Your Andy Warhol Specialists

Warhol – An Artist Out of His Own Time and Place

Aurora Garrison | March 2018

Andy Warhol is an artist out of this world and out of his time. Warhol’s art is out of this world in two ways: Firstly, his drawing was flown to the moon on Apollo 12 and his drawing is in the only art museum in outer space. Secondly, his iconic Moonwalk from Apollo’s 11 first moonwalk is the most famous artwork to come out of the NASA space program.

Warhol had a sense of history as evidenced in his homage to Da Vinci’s work “The Last Supper” and other Renaissance artists; his work in the Sixties was so revolutionary and radical that art historians had to name his work under the new category of “Pop Art” to begin to study and understand the Warholian art revolution; and Warhol’s art and his persona as an iconic celebrity continue to shatter geopolitical and cultural walls as his fame and art are renowned around the world. Britain’s Time Out magazine rated Warhol in 2016 as the most famous artist of all time. And it’s a good argument.

Moonwalk illustrates the forever iconic moment in history when man first stepped on the moon in 1969. The Moonwalk Series (1987) depicts Neil Armstrong’s photograph of Edwin “Buzz” Aldrin, Jr. walking on the moon for the first time during the Apollo 11 mission. Moonwalk was intended to be part of a series entitled The History of TV, highlighting images of famous televised moments, which would have included ones of I Love Lucy and the Beatles’ legendary performance on the Ed Sullivan Show. At the time of Warhol’s sudden death in February 1987, Moonwalk was the only part of the History of TV Series that had been completed.

Moonwalk demonstrates Warhol’s great talents commemorating one of America’s culture and one of its most historic moments: man’s first walk on the moon. The power and passion of Warhol’s Pop Art is that we can artistically interact with our lives in the grocery store, in the newspapers and in the silver screen icons we see in movies and even the man on the moon. Warhol takes the ordinary subjects of our lives and makes them extraordinary through his art. This is his artistic sleight of hand.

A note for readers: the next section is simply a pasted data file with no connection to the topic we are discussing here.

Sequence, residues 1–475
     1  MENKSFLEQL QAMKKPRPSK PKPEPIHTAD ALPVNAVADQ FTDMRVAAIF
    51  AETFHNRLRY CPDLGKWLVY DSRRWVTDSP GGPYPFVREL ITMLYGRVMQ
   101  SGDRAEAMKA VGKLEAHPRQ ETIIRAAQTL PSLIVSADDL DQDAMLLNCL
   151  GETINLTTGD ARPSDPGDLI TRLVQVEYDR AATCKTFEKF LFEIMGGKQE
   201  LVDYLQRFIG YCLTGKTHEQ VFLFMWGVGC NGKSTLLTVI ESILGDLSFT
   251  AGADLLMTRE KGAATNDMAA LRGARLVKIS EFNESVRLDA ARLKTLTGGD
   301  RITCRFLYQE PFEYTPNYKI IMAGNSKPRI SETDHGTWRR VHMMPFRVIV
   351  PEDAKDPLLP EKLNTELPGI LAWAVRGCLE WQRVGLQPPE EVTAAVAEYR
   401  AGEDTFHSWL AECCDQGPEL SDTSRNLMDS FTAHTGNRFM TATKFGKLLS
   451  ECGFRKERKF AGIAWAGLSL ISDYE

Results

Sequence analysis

Warhol’s Moonwalk artwork best typifies Warhol’s other-worldliness, an artist out of his own time and a forever-chronicler of the Sixties and the 20th century.

The US Space program and NASA were the highest achievements by the United States in the 1960’s, as we put two men on the moon on July 20, 1969. Warhol’s iconic Moonwalk is the universal image for the historical words of Neil Armstrong, “That’s one small step for man, one leap for mankind.”

Andy Warhol (1928 – 1987), Moonwalk, Full Suite, 1987, Revolver Gallery, Santa Monica, California.

Warhol uses this NASA photograph from Apollo 11, but he significantly alters it. In the original photo, Aldrin is shown in profile, and to the right of the flag.

Buzz Aldrin salutes the US flag on the Moon’s Sea of Tranquillity, landing site of
Apollo 11, June 1969. Photograph by Neil Armstrong. Detail from photo AS11-40-
5875 from the NASA’s Apollo 11 Image Library.

In Moonwalk we see Buzz Aldrin, as photographed by his fellow Apollo 11 astronaut Neil Armstrong. This is the famous “selfie” that Armstrong took of himself, using the visor of Aldrin’s space suit as a mirror. Warhol uses this photograph, but only after mirror-reversing it.

Buzz Aldrin on the moon, with Neil Armstrong and part of the Lunar Module “Eagle” reflected in Aldrin’s visor (left) and Andy Warhol (1928 – 1987), Moonwalk, 1987 (right).

But before Warhol created Moonwalk, he had already become part of the NASA space program decades earlier. A few days before the Apollo 12 crew returned to earth, The New York Times reported that a miniaturized Moon Museum was secretly installed on a hatch on a leg of the Intrepid and left on the moon.

“New York Sculptor Says Intrepid Put Art on Moon,” New York Times, Nov. 22, 1969 (left).
Actual size of the ceramic wafer (right).

The Moon Museum contained drawings by six leading contemporary artists of the day: Andy Warhol, Robert Rauschenberg, David Novros, Frosty Myers, Claes Oldenburg, and John Chamberlain.

Various Artists with Andy Warhol, Robert Rauschenberg, David Novros, Frosty
Myers, Claes Oldenburg, and John Chamberlain, The Moon Museum, 1969.

The six drawings were miniaturized and baked onto an iridium-plated ceramic wafer measuring just 3/4″ x 1/2″ x 1/40″, with the assistance of engineers at Bell Labs. Warhol’s contribution (which was strategically hidden by a thumb in the Times article), is described as “a calligraphic squiggle made up of the initials of his signature.” In reality, it’s a simple depiction of a phallus.

Warhol’s Moonwalk artwork best typifies Warhol’s other-worldliness, as an artist out of his own time and a forever-chronicler of the Sixties and the 20th century. It can be said that Warhol’s art was a small step for the Sixties, but a leap for an artistic revolution. And the people are still celebrating Warhol’s art and his artistic legacy in the 21st century.

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